What was the surprise of the people when the story Tent around that Patrick Henry had offered himself on the defendants' side! His taking up the case was a joke to most of them, and a general burst of laughter followed the news. What did this fellow know about the law? He was a good talker, no doubt, in his low Virginia dialect, but what kind of a show would he make in pleading a case before a learned judge! The case of the people seemed desperate indeed when intrusted to such hands as these.

When the young lawyer appeared in court smiles went round among the lawyers and the audience. The idea of this awkward, backward, slovenly, untrained man attempting to handle such an important case! It seemed utterly absurd, and the opposing lawyers felt that they would make short work of him. They had the law on their side, their plaintiffs' case was a good one, their opponent was a mountebank, the defendants would be made to pay.

It is likely enough that Patrick Henry felt much the same way. His powers had never been tried except before a bar-room audience, and he could not have had much confidence in them. Doubtless he would have been glad enough, now it was too late, to get out of the court and back in the friendly tavern of his father-in-law.

When he rose to speak he faltered and hesitated. It looked as if he would break down utterly. But he had spoken before his friends; he was not quite a tyro in oratory; as he went on his timidity vanished and his confidence returned. He warmed up to his subject and a change seemed to come over him. His form straightened, his face filled out, his eyes blazed, the words poured from his mouth, clear, forcible sentences, that carried everybody away with admiration and astonishment, came from his lips. There was not much statute law in what Patrick Henry said, but there was much of the eternal principles of right and justice. What right in equity had these plaintiffs to make the people pay for what they did not want and what they refused to accept? The argument was masterly and irresistible. It was poured forth in a flood of burning eloquence. The plaintiffs could not bear the storm of his accusations. They left the court in confusion. The specious plea of the opposing lawyers was quite overslaughed. The jury, carried away by his argument, returned the plaintiffs a verdict of one penny damages; and the people, filled with enthusiasm, lifted the young advocate on their shoulders and carried him out of the court-house in triumph.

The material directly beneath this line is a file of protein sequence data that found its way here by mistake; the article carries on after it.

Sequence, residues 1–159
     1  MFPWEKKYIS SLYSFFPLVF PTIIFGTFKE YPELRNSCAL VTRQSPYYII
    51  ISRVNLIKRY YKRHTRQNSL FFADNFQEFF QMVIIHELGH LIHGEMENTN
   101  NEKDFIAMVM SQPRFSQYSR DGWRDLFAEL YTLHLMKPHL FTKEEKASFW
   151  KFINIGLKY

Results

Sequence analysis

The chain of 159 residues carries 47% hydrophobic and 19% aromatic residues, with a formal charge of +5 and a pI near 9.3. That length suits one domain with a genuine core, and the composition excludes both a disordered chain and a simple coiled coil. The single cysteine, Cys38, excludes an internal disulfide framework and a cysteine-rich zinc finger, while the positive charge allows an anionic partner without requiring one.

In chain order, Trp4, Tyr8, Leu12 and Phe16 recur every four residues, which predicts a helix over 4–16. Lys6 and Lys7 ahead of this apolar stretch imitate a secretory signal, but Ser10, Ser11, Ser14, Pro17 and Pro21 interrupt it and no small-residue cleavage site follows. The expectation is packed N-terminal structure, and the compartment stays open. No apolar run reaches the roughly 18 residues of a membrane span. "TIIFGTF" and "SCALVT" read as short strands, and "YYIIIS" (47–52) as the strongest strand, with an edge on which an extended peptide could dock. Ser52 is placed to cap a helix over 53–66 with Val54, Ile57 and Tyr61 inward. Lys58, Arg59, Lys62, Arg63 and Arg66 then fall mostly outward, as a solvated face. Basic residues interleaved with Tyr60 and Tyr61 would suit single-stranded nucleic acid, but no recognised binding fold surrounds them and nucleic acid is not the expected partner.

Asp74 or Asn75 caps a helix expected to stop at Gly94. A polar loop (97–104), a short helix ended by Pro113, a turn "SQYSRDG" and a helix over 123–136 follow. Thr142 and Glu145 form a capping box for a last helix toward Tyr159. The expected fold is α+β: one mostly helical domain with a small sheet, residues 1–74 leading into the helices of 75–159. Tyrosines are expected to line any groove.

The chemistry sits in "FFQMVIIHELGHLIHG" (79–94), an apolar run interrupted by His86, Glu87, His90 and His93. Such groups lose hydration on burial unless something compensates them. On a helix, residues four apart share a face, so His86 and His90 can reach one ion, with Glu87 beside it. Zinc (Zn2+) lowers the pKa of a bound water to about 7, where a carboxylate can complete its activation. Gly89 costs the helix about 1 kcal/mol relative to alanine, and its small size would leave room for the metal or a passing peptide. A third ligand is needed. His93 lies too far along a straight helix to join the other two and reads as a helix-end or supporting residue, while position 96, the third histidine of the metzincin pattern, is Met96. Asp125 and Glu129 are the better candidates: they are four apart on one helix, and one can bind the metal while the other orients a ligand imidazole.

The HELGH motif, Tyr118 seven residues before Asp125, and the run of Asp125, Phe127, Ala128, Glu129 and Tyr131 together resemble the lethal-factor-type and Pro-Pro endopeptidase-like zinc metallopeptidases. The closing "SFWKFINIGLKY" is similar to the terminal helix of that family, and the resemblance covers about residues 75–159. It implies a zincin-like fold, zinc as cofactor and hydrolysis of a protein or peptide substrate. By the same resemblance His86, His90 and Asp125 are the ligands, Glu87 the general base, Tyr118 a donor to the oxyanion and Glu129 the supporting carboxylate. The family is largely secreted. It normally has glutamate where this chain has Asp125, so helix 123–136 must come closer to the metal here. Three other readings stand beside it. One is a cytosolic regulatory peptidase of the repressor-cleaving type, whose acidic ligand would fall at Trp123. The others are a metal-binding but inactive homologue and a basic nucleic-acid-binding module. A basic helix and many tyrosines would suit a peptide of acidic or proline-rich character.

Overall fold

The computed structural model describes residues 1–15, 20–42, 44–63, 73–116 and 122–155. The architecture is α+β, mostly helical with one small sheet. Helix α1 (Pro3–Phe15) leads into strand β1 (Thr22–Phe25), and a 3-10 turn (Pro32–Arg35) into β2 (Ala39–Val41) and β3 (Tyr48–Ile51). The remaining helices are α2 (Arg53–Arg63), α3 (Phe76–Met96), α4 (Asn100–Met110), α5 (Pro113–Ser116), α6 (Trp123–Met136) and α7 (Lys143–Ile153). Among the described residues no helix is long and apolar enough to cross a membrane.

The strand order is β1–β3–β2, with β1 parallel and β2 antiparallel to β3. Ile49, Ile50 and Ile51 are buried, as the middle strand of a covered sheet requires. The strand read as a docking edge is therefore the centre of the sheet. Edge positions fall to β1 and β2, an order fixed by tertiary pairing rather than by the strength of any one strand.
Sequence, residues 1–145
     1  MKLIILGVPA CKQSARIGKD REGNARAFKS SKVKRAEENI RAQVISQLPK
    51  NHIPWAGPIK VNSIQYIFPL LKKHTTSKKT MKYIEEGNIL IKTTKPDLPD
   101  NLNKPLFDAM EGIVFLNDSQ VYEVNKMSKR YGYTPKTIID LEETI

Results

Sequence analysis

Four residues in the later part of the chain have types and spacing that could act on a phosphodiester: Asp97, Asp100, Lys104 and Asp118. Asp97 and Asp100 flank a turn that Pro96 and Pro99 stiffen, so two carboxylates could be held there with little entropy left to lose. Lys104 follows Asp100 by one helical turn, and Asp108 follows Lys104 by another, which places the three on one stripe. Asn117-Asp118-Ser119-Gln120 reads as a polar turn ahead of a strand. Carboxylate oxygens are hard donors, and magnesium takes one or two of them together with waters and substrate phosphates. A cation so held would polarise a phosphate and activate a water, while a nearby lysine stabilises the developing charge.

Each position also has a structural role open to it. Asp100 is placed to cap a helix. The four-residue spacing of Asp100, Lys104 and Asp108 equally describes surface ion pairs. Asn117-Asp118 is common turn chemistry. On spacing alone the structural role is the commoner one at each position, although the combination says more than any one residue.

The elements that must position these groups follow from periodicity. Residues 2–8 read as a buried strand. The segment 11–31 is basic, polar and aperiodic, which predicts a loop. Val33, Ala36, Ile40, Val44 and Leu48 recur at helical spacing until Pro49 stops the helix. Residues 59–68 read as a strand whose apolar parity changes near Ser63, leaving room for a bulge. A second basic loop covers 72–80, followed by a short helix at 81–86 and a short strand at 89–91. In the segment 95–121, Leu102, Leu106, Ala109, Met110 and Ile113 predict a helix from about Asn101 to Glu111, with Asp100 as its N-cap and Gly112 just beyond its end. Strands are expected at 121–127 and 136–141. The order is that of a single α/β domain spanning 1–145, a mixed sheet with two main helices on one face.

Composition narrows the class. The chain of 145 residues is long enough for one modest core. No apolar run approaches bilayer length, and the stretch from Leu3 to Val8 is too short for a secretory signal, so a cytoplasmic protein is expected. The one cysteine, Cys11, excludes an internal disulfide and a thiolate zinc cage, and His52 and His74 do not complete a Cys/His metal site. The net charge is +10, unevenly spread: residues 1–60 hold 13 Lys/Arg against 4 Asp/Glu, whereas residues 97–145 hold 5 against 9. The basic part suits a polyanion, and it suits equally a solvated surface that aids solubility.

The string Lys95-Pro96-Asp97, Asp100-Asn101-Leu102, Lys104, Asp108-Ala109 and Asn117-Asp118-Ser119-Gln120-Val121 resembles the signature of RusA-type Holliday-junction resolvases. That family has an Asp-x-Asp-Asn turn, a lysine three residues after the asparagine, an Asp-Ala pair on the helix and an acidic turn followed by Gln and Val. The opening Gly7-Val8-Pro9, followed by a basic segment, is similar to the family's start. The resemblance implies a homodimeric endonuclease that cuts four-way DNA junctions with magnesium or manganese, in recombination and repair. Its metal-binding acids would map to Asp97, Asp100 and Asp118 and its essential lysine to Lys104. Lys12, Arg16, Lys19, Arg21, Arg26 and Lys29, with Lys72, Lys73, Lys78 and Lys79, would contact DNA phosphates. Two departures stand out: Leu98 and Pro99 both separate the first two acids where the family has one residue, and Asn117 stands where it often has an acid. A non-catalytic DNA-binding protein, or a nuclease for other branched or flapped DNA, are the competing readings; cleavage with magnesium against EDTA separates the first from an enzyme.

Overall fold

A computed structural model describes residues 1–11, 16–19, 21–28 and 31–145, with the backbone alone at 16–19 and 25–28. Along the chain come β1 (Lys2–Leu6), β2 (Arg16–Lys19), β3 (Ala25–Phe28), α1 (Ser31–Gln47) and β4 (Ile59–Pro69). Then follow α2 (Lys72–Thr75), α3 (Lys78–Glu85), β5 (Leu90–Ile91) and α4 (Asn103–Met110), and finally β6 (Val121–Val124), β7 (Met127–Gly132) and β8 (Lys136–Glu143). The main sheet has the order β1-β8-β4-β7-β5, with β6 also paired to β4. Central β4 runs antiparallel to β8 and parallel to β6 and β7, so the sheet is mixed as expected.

Patrick Henry was a made man. He no longer had to lounge in his office waiting for business. Plenty of it came to him. He set himself for the first time to an earnest study of the law, he improved his dialect and his command of language, the dormant powers of his mind rapidly unfolded, and two years after pleading his first case he was elected a member of the House of Burgesses. We have seen how, in this body, he "set the ball of the Revolution rolling."

The idle tavern orator suddenly found himself launched into greatness. With all his careless habits and rural manners, he was a man of honor and integrity. Those who knew him respected him. For the first time he had learned what was in him, and he worked hard to make the best of his powers. Not many years passed after that great scene in the country court before Patrick Henry was transformed into a new man, one of culture and learning and of extraordinary powers of oratory.

It was the time for such a man to make his force felt. The country was in a critical state. The people were on all sides demanding their rights, and would soon be demanding their liberty. Excitement spread everywhere. Fearless leaders were needed, men full of the spirit of patriotism. Patrick Henry had shown that he was both. In his spirit-stirring oration before the House of Burgesses he had put himself on record for all time. His defiance of the king stamped him as a warrior who had thrown his shield away and thence-forward would fight only with the sword.